Film Review: Man On Wire
I finally got around to watching Man On Wire, the James Marsh directed documentary about Philippe Petit’s legendary high-wire walk between the Twin Towers in New York. This film was an enormous critical success when it was released in 2008; It won both the Jury Prize and the Audience Award at Sundance, won an Academy Award for Best Documentary Feature, and appeared on numerous end of the year top-ten lists. It even managed a rare 100% rating on Rotten Tomatoes. Seemingly everyone who has seen this movie loved it, so I was excited to see if it matched up to the hype. And my reaction? Well, I don’t mean to be a contrarian, but I was a bit underwhelmed.
The film begins with Petit recounting the day he found out about the planned construction of the Twin Towers, and his immediate and all-encompassing desire to “conquer” them. After performing several other high-profile wire-walks (including Notre Dame and the Sydney Bridge in Australia), he recruits a team to accompany him to America and make a run at the Twin Towers. The film itself is set up a heist movie, which does a nice job building the suspense. Obviously no one is going to just let Petit use the Towers as his personal playground, so the team has to sneak in dressed as workers and using fake IDs. This deception provides much of the dramatic tension in the movie, though they are clearly going to succeed in their mission.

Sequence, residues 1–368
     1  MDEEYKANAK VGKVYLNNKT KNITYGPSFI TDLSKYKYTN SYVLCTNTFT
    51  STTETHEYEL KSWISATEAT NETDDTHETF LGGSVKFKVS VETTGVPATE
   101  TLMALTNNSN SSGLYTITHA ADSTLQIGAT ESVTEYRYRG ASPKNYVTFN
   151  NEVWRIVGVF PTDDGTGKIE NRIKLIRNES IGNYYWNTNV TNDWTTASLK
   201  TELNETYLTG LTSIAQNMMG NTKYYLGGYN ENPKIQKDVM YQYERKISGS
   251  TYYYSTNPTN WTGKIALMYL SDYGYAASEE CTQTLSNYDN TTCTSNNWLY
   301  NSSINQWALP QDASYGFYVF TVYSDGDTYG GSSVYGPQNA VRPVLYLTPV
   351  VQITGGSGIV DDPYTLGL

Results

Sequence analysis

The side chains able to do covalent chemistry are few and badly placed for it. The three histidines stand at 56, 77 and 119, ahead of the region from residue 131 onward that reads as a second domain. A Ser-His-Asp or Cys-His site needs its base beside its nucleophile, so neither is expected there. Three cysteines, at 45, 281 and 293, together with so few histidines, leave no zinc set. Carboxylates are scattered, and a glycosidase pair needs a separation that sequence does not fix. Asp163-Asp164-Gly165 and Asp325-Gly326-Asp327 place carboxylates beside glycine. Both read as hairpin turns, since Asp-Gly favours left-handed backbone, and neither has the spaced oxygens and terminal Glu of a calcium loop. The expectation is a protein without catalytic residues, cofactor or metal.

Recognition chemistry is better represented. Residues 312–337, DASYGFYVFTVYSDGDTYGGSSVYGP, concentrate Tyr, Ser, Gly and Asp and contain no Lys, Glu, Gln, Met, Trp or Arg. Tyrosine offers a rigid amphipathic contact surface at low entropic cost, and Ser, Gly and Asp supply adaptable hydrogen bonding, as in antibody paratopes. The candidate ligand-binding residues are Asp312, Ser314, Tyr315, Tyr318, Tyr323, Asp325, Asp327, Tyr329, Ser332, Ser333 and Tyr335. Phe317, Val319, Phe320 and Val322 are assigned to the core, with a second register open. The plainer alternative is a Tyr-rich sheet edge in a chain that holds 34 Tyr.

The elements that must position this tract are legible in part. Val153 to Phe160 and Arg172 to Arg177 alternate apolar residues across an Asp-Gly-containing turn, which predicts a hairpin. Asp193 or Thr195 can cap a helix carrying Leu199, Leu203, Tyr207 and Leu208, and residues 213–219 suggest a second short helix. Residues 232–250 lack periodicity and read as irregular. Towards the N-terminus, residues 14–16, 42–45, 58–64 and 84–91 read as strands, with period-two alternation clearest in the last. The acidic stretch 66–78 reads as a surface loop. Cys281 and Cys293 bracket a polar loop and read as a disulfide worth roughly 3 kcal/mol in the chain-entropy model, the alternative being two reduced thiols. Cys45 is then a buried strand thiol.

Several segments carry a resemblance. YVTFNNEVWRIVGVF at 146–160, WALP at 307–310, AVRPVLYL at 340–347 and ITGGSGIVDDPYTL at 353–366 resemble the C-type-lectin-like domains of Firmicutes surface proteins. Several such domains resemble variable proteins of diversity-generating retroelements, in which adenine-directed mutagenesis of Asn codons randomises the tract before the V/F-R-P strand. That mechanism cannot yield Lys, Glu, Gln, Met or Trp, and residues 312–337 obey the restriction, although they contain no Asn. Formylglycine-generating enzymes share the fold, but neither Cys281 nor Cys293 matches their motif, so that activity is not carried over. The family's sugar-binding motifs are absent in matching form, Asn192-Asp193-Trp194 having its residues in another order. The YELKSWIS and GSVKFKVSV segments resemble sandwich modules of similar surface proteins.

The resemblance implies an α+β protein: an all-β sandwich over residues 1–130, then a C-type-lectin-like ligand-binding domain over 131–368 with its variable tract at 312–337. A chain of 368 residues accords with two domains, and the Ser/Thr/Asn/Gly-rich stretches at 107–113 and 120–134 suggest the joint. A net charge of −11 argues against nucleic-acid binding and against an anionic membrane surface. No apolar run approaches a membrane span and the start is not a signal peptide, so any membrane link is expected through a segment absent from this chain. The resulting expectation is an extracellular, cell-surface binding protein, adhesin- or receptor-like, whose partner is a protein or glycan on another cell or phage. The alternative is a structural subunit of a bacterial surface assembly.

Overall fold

I didn’t hate this movie, I just was a bit miffed after watching it as to why it became such a critical darling. I think part of what put me off about it was Petit himself. I found him to be an attention-clambering annoyance. Frankly, I don’t see walking on a wire as some beautiful expression of the insatiable human desire to achieve its dreams as much as I do a crazy person trying to make a few bucks and get some attention. Yeah, Petit walked on a wire and it looks really cool to see a man that high up in the air with no fear whatsoever. But I really felt like he was being dishonest about his motivations. I see this thing as a publicity stunt, not some artistic experiment.
Everyone has a movie that they hate, despite all the evidence pointing towards it being a good film. I guess Man on Wire is mine. I simply didn’t like this movie very much. I thought it was well-done, but the I just couldn’t connect with the film’s major conceit, which is that Petit was this genius who changed the world with this dazzling display of artistry and courage. I couldn’t shake my belief that he was just some cocky French guy looking to make some money. Sorry, Man on Wire fanboys.